What I want to posit in this article is that there is the entire difference between an objectively good comedian and an objectively bad comedian is not strictly dependent on who makes the audience laugh more. See, there are a large number of variables that go into laughter – “willingness” to laugh, intoxication, that sort of thing. But there’s another distinction that matters much more in terms of genuine quality (that which will be remembered and celebrated, that which will really influence people). Namely, the question that first must be asked when determining the value of a comedian is whether that comic strives to be a clown or a true comedian.
A clown is one who looks at stand-up comedy in the following way: a) there’s a stage; b) there’s me; c) I go up there and do/say whatever it takes to make them laugh in the moment. See, a clown’s whole thought process begins and ends with doing anything that they think will make their audience laugh, and they almost always underestimate the intelligence of their audience. A clown’s whole modus operandi, be it the circus variety or the modern-day comic equivalent, is to behave like an idiot, rehash the same juvenille material, and make the same people laugh until they grow out of it. A clown is much like a Happy Meal. They look awesome and great…to young children who are susceptible to marketing.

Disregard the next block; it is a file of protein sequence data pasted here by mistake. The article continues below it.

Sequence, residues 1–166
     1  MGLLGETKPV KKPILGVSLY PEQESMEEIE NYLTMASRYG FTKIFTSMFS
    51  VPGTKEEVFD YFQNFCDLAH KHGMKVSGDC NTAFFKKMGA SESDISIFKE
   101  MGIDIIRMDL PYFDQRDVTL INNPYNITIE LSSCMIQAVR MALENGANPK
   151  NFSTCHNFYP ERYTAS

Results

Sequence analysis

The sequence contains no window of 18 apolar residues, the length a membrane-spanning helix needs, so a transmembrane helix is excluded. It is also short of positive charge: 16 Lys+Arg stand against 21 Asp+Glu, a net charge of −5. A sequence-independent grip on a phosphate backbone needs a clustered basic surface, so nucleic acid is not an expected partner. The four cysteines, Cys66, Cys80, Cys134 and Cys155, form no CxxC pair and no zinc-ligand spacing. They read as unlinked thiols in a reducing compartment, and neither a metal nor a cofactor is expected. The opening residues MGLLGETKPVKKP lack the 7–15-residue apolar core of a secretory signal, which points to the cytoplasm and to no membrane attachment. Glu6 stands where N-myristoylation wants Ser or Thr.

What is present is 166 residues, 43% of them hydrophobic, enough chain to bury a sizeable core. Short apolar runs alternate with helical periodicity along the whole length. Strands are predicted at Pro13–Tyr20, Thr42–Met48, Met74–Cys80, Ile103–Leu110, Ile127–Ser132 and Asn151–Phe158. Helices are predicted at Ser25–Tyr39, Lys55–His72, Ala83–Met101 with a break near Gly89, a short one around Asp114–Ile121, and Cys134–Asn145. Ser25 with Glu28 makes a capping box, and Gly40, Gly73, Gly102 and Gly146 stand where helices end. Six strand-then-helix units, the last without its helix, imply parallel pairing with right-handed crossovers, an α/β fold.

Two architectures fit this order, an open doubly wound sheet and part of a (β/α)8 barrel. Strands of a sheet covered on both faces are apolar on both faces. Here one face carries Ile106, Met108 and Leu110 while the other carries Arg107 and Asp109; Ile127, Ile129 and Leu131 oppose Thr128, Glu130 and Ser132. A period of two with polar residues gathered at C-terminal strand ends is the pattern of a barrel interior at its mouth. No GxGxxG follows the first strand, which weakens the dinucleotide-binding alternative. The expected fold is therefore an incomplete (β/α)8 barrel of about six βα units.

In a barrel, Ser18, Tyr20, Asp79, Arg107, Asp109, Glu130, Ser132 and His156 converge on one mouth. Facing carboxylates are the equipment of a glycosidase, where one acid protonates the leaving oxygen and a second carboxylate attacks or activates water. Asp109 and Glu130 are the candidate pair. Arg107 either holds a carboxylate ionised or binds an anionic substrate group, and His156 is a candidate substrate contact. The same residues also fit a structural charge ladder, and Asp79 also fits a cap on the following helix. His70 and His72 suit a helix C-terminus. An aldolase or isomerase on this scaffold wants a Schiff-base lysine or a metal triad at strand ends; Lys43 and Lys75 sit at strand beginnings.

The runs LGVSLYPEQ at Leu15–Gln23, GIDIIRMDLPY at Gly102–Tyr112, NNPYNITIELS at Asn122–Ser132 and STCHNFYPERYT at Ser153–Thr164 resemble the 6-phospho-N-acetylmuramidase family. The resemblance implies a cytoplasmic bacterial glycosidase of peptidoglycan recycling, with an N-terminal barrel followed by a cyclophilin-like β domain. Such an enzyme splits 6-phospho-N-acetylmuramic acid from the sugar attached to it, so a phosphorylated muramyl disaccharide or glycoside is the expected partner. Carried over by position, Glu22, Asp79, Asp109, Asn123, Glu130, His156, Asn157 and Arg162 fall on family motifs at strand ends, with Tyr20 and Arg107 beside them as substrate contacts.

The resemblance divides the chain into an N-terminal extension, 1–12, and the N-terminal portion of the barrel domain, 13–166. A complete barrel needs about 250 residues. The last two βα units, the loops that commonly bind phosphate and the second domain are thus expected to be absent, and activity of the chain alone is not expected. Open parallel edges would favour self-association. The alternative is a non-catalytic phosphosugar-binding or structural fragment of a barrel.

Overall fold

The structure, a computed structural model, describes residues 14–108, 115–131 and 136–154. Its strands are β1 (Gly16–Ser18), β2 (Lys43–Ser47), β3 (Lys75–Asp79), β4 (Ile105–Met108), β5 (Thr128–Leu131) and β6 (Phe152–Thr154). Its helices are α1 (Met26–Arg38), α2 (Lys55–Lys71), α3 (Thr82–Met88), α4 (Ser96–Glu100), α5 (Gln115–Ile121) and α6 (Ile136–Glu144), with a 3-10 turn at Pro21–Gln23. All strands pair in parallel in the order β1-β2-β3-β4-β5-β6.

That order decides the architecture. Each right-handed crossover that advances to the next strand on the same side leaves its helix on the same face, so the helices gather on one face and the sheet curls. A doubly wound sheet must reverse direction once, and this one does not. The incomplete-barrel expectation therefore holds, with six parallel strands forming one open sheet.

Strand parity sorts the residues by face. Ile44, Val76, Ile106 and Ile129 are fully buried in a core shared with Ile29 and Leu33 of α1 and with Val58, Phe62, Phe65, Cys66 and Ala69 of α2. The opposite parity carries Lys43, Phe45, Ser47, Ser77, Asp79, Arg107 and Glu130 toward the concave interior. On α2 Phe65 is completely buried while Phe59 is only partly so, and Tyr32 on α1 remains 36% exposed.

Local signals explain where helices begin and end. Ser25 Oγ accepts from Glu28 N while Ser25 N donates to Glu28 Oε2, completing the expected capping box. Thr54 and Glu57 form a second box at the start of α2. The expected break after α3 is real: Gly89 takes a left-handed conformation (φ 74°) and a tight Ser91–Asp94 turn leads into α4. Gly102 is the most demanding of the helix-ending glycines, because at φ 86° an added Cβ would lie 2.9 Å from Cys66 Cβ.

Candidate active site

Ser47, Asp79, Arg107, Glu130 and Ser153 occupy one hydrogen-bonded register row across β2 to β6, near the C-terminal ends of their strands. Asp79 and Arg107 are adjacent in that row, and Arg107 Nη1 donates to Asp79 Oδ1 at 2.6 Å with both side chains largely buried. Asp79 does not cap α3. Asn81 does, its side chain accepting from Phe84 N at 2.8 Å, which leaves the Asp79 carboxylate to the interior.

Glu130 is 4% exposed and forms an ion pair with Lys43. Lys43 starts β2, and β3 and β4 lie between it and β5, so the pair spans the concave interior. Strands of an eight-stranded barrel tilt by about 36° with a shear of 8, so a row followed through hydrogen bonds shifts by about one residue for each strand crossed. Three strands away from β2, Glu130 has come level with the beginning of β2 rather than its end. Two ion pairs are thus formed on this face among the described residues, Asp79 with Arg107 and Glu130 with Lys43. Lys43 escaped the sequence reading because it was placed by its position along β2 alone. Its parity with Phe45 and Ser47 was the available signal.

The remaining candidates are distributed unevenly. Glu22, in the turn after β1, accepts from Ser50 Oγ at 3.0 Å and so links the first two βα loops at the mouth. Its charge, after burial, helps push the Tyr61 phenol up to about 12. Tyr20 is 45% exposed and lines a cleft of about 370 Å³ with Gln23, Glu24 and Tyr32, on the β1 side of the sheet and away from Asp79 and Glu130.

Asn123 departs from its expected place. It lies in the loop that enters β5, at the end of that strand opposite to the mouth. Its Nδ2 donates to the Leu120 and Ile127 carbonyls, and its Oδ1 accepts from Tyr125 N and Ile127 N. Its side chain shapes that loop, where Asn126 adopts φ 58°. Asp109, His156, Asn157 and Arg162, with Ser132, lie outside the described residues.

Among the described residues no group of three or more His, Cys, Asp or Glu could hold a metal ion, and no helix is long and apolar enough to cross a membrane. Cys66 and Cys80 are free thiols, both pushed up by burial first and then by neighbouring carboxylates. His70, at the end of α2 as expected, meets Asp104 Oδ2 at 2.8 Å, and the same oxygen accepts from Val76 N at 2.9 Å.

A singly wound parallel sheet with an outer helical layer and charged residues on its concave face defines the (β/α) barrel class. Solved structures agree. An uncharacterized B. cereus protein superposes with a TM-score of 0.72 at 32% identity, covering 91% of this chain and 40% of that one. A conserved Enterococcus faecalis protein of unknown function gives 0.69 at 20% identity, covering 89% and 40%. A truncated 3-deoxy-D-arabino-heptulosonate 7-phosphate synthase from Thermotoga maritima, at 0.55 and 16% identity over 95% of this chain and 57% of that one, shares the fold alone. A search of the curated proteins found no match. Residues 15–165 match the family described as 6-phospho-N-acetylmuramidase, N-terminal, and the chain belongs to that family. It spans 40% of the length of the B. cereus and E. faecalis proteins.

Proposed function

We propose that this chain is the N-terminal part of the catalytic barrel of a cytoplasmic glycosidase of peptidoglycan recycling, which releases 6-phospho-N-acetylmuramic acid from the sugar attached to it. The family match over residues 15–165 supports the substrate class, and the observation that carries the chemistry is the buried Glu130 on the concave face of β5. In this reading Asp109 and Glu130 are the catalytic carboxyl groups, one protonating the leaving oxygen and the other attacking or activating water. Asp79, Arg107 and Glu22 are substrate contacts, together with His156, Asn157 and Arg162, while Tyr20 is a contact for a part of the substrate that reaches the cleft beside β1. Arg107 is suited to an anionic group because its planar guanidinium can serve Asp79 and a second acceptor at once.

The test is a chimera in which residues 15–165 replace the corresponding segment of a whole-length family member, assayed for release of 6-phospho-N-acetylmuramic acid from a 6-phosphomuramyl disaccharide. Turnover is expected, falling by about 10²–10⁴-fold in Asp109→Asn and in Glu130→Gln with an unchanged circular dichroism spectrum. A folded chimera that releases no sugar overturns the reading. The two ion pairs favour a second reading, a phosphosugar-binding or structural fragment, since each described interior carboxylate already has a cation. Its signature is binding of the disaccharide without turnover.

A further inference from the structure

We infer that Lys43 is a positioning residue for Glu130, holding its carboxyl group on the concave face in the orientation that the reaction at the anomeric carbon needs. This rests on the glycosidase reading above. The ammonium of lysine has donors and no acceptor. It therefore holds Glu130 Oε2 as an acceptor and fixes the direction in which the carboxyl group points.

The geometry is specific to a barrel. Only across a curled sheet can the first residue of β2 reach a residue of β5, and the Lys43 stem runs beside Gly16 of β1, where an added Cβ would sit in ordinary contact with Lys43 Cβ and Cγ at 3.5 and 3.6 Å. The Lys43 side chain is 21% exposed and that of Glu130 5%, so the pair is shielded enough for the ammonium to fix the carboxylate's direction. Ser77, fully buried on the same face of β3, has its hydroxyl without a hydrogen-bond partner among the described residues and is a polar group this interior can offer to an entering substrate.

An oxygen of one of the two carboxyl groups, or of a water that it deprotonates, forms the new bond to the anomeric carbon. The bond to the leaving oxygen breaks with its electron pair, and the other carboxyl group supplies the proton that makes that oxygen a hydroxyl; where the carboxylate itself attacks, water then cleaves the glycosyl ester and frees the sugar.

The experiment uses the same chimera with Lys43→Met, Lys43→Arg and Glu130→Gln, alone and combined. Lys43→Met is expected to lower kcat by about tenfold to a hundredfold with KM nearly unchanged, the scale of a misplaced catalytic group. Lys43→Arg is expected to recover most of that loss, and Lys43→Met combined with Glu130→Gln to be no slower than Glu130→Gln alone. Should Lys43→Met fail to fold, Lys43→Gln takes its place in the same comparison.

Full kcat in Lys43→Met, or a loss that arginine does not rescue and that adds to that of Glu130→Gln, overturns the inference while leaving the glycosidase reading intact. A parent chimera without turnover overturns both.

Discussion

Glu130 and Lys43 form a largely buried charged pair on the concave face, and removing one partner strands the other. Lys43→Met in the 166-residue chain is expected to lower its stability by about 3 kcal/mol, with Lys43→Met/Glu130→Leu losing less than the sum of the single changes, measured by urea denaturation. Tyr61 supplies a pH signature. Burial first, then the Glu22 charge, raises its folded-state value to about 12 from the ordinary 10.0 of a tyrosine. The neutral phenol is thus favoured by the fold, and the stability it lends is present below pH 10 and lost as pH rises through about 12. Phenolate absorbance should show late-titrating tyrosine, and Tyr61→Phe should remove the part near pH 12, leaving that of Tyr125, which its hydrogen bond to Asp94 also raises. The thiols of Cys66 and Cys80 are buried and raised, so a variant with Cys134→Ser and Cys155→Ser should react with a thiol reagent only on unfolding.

See, that’s the value of a clown. A clown is a great way to market to juvenille minded people, both in the ol’ Barnum & Bailey circus and the modern media world of today. This is where Dane Cook comes in, and why Dane Cook’s rise to being the most well-known stand-up in the country is troubling. Dane Cook is a clown. His work is marketed specifically to the coveted teenager and underdeveloped college student market. HIs rise to fame has been fueled solely by marketing bravado. His only reason for being famous is because of his antics and his face and his image, not the comic substance of his material. It’s like children going grocery shopping and buying cereal for the package and the toy instead of the cereal.
Don’t understand what I mean? Consider this: On his current wikipedia page, there are no jokes or humorous quotes from Dane Cook directly. There is significant criticism, but nothing funny by Dane himself. Last time I caught one of his specials, his opening “joke” was “I like to play a game called ‘guess who’s in my mouth!'” Yeah, I had to pause writing the article to laugh. Consider by comparison that Mitch Hedberg has jokes on his wikipedia entry despite never coming close to the status of Cook. They’re also funny. “This guy came up to me and said, ‘You’re gonna have to move. You’re blocking a fire exit.’ As though if there was a fire, I wasn’t gonna run. If you’re flammable and have legs, you are never blocking a fire exit. Unless you’re a table.” That’s funny on paper. Dane Cook is not.